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[1328a] [1] A sign of this is that spirit is more roused against associates and friends than against strangers, when it thinks itself slighted. Therefore Archilochus1 for instance, when reproaching his friends, appropriately apostrophizes his spirit: “ For 'tis thy friends that make thee choke with rage.
” Moreover it is from this faculty that power to command and love of freedom are in all cases derived; for spirit is a commanding and indomitable element. But it is a mistake to describe the Guardians as cruel towards strangers; it is not right to be cruel towards anybody, and men of great-souled nature are not fierce except towards wrongdoers, and their anger is still fiercer against their companions if they think that these are wronging them, as has been said before. And this is reasonable, because they think that in addition to the harm done them they are also being defrauded of a benefit by persons whom they believe to owe them one. Hence the sayings “ For brothers' wars are cruel,2
” and “ They that too deeply loved too deeply hate.3

We have now approximately decided what are the proper numbers and the natural qualities of those who exercise the right of citizens, and the proper extent and nature of the territory (for we must not [20] seek to attain the same exactness by means of theoretical discussions as is obtained by means of the facts that come to us through sense-perceptions).

But since, just as with all other natural organisms those things that are indispensable for the existence of the whole are not parts4 of the whole organization, it is also clear that not all the things that are necessary for states to possess are to be counted as parts of a state (any more than this is so with any other association that forms something one in kind, for there must be something that is one and common and the same for the partners, whether the shares that they take be equal or unequal: for example this common property may be food or an area of land or something else of the same sort—5 but when of two related things one is a means and the other an end, in their case there is nothing in common except for the one to act and the other to receive the action. I mean for instance the relation between any instrument or artificer and the work that they produce: between a house and a builder there is nothing that is produced in common, but the builder's craft exists for the sake of the house. Hence although states need property, the property is no part of the state. And there are many living things that fall under the head of property.6 And the state is one form of partnership of similar people, and its object is the best life that is possible. And since the greatest good is happiness, and this is some perfect activity or employment of virtue, and since it has so come about that it is possible for some men to participate in it, but for others only to a small extent or not at all, it is clear that this is the cause for there arising different kinds and varieties of state and several forms of constitution;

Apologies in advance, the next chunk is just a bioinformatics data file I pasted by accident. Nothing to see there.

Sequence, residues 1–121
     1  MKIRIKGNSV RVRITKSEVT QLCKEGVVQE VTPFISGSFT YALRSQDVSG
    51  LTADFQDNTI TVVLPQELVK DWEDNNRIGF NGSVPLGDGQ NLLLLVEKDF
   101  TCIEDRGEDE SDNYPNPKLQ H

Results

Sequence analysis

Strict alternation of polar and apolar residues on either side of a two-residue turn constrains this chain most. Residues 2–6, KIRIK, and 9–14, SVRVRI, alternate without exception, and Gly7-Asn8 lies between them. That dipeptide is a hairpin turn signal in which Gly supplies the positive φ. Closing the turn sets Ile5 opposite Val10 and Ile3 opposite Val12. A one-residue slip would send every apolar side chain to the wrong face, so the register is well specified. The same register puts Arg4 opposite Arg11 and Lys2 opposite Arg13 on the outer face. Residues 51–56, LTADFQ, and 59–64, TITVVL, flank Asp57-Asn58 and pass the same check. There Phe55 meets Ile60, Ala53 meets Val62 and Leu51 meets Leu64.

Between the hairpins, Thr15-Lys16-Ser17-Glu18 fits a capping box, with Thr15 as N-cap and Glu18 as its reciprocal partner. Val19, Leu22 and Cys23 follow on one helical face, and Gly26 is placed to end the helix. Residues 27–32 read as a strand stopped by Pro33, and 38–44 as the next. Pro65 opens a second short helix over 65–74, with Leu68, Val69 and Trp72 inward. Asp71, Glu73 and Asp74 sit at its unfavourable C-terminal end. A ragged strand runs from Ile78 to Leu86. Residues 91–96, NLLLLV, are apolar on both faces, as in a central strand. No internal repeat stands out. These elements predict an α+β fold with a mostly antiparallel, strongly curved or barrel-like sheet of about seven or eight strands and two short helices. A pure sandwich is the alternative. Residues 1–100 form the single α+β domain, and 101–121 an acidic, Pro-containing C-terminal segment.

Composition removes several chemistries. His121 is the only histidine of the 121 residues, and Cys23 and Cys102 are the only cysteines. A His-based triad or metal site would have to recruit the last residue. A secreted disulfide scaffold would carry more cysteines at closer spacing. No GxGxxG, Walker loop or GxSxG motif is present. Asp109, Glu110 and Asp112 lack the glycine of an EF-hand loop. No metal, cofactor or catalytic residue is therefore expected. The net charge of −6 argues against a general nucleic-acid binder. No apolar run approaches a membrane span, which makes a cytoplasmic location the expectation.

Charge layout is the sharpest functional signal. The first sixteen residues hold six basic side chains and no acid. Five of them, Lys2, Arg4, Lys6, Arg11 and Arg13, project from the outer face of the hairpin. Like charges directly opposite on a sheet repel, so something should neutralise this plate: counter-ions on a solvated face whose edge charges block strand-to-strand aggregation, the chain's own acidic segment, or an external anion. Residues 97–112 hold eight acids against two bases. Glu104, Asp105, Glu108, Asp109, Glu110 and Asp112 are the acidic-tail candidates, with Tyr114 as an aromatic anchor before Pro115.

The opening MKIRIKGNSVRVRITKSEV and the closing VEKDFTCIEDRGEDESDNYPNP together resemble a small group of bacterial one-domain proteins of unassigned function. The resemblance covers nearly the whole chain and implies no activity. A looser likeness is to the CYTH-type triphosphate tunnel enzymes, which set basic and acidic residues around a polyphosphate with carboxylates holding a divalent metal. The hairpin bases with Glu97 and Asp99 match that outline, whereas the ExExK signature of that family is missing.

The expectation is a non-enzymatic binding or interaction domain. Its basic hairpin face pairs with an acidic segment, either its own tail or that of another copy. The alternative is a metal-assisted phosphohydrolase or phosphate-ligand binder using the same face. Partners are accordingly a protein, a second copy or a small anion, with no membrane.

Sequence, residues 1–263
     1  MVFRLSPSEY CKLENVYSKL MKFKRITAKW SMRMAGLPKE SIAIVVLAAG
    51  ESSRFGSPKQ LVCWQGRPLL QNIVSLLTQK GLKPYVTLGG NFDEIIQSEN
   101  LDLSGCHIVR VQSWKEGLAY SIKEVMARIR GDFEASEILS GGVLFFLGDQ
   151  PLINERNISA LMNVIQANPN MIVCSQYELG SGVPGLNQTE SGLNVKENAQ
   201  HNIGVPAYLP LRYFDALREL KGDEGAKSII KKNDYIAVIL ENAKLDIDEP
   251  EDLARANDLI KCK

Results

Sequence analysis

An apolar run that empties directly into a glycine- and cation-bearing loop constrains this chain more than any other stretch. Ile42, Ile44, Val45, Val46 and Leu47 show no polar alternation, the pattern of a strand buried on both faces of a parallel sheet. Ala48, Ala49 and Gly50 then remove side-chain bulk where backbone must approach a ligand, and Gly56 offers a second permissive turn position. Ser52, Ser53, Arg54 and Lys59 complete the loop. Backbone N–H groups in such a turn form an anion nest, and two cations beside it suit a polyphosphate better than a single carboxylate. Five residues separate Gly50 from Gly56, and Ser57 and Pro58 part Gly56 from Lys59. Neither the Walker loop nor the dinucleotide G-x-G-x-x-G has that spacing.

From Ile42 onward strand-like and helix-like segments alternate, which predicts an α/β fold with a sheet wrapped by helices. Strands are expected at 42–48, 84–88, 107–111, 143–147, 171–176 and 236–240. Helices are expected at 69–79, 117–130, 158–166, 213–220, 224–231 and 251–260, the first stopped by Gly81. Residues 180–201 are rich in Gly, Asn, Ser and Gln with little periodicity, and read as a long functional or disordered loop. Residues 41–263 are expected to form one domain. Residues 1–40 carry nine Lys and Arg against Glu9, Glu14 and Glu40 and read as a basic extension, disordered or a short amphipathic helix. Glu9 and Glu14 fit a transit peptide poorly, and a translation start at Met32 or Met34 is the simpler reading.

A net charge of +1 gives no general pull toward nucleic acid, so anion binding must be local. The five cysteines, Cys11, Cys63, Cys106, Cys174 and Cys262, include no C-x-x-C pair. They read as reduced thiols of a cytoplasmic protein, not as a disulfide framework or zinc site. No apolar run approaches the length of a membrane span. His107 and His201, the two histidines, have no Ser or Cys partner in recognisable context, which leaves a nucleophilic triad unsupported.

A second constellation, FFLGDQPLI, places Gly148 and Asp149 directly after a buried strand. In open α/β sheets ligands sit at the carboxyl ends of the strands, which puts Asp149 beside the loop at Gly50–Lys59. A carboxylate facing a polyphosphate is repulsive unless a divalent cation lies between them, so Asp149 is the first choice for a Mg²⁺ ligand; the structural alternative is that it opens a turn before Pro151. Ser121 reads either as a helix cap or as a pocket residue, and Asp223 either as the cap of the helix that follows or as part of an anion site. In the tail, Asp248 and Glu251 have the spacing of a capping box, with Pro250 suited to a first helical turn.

1 Archilochus of Paros (one of the earliest lyric poets, fl. 600 B.C., the inventor of the iambic meter, which he used for lampoons), fr. 61 Bergk, 676 Diehl, 67 Edmonds,Elegy and Iambus, 2. 133.

2 Eur. frag. 965.

3 Nauck frag. 78

4 i.e. they are not all of themparts: the ‘parts’ of a thing are among the ‘indispensable conditions’ of its existence, but there are others also.

5 The sentence is unfinished.

6 Possibly the words from the beginning of 7.2 ‘But when’ to this point should be transferred below to 7.3 mid. after ‘different constitutions.’

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